- This October will mark a decade since her first book, 'I am Malala', came out
Education activist and Nobel prize laureate Malala Yousafzai has announced a new book, a decade after her first tell-all, ‘I Am Malala’, she announced on social media on Monday.
“I am overjoyed to announce that I am working on my next book!” she wrote.
“The last few years of my life have been marked by extraordinary transformation — finding independence, partnership and, ultimately, myself. This will be my most personal book yet and I can’t wait for you to read it.”
She noted that this October will mark a decade since her first book, ‘I Am Malala’ was published, shortly after her 16th birthday.
“I am excited to share what has happened since,” she wrote.
Atria Books, an imprint of Simon & Schuster, also announced the memoir Monday. It is currently untitled and has no scheduled release date.
Atria is calling the new book a “breathtaking story of recovery and search for identity, a candid exploration of her coming-of-age in the public spotlight, and an intimate look at her life today.”
Young readers and picture book editions are also planned, reported Associated Press on Monday.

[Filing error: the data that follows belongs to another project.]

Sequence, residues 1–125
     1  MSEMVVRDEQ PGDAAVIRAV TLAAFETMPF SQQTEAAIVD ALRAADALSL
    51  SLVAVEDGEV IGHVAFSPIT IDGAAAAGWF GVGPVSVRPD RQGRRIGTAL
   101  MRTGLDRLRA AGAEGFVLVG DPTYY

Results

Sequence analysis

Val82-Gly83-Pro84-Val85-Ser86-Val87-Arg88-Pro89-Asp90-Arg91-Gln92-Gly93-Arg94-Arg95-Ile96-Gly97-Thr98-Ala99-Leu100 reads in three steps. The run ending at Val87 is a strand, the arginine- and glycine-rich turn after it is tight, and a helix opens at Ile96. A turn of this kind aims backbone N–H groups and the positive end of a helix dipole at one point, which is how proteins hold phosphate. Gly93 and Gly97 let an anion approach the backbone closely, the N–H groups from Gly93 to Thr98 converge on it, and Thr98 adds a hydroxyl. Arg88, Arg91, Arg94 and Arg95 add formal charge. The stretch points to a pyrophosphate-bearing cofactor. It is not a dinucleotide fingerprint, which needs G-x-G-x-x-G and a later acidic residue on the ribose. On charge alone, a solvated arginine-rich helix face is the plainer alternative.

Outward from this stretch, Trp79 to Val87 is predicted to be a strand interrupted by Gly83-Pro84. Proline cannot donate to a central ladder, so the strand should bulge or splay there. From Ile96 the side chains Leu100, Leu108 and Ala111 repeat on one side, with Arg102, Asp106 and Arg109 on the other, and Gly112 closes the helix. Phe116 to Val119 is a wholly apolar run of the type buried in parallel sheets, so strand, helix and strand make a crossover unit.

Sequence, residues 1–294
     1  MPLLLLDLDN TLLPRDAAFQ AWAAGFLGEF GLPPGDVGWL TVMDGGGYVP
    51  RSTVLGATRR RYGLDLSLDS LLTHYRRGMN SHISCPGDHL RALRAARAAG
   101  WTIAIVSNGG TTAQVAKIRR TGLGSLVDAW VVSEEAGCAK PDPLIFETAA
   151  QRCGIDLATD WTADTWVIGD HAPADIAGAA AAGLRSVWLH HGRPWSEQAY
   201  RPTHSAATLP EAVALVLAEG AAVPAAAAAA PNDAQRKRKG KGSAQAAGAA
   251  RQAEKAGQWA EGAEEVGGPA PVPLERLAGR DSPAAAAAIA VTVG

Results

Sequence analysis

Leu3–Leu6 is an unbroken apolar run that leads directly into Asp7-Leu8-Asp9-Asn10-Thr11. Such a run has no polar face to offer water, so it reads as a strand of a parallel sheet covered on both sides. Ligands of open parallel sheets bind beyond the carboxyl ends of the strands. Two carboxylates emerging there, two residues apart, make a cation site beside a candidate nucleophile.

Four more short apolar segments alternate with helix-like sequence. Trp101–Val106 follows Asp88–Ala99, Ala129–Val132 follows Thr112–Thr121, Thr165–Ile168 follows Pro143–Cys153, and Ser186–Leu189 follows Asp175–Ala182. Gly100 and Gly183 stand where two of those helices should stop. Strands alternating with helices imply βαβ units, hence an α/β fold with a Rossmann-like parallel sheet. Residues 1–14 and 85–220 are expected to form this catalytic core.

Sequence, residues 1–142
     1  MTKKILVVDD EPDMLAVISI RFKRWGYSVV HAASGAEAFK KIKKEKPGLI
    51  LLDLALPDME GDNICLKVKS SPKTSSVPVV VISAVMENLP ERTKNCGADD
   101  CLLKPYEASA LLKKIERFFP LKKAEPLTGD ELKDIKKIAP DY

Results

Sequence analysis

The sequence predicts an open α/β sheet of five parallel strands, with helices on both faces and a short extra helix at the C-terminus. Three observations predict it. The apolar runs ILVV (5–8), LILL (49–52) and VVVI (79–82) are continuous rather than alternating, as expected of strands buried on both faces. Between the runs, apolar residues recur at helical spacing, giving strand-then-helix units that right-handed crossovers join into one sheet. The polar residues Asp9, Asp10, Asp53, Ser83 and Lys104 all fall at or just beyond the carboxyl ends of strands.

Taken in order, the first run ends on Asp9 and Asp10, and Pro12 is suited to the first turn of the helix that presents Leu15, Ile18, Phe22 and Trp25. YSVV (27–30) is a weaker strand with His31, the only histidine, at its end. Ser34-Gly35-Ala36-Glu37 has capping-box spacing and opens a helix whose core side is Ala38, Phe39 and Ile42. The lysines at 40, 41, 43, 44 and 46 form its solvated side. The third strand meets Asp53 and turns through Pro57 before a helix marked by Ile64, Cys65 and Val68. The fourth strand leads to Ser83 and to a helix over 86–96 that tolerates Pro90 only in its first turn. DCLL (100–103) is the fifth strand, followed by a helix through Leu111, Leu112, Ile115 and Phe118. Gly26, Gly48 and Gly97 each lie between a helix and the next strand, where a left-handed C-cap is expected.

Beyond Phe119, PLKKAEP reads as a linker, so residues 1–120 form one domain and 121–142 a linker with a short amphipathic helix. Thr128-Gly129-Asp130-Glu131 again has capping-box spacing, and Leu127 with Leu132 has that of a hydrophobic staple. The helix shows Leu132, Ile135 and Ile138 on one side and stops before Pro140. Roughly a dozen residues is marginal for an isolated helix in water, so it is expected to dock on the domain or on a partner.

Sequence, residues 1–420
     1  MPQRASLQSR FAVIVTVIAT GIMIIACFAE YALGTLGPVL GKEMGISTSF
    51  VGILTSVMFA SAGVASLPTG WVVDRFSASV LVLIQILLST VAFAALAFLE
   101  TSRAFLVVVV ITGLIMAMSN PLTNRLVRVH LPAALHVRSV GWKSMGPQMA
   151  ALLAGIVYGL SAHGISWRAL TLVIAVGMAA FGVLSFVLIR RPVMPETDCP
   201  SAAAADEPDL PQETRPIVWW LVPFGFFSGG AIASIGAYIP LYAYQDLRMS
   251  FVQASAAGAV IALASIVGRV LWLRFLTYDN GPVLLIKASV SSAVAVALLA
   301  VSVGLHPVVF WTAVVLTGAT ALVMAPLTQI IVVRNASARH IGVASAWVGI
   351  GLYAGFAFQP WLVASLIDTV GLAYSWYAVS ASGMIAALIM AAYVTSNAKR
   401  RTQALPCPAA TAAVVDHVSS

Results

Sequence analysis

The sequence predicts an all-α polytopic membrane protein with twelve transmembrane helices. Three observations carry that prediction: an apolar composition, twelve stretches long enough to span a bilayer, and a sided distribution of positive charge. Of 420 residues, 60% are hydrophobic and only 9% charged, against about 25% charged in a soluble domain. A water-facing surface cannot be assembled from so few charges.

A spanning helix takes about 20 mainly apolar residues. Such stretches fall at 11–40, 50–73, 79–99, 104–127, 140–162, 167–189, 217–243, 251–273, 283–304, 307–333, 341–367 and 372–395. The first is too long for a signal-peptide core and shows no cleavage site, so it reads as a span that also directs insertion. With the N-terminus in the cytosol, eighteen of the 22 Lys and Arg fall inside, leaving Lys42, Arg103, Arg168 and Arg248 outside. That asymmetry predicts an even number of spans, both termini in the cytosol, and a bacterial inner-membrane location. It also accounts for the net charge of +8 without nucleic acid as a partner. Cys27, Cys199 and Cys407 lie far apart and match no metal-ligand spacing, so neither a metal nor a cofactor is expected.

Yousafzai was recently seen attending the Oscars as executive producer of Oscar-nominated documentary short ‘Stranger at the Gate.’
She also served as executive producer on award-winning Pakistani film ‘Joyland.’
‘Joyland’ was also shortlisted by the Academy in the Best International Feature Film category for the Oscars earlier this year, however it did not make the cut.
Earlier last year, it was announced that Malala will be delving into production with the launch of her own film and TV production company, Extracurricular.
The development was announced at the heels of a multi-year programming deal with Apple TV+ through her production company. The company’s first slate of projects is now in the works at the streaming service.
Making a case for the lack of representation in the media, Yousafzai, at a Variety magazine held an event titled ‘Power of Women,’ pointed out the lack of opportunity in Hollywood.
“I learned that Asian people like me make up less than 4% of leads in Hollywood films. Muslims are 25% of the population, but only 1% of characters in popular TV series,” she was quoted as saying.
“I know the tale of having a dream and being told to forget it. Today, I am a storyteller, activist and producer.”
In an interview earlier with Variety she had stated, “I’m a woman, a Muslim, a Pashtun, a Pakistani and a person of colour.”